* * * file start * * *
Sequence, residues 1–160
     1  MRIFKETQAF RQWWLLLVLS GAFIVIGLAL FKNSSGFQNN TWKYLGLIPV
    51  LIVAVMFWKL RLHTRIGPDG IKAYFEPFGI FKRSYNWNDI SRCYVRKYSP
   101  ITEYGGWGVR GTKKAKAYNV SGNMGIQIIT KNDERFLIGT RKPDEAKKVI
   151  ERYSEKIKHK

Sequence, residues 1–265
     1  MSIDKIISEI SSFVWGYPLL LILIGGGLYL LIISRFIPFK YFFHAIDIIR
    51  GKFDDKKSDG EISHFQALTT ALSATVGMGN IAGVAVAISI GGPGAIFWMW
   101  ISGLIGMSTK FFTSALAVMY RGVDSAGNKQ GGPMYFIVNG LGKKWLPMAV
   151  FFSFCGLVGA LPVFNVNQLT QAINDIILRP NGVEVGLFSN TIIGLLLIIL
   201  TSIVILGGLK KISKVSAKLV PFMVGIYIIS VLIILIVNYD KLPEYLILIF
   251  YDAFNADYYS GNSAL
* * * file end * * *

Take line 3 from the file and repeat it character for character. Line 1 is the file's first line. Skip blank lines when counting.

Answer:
    51  LIVAVMFWKL RLHTRIGPDG IKAYFEPFGI FKRSYNWNDI SRCYVRKYSP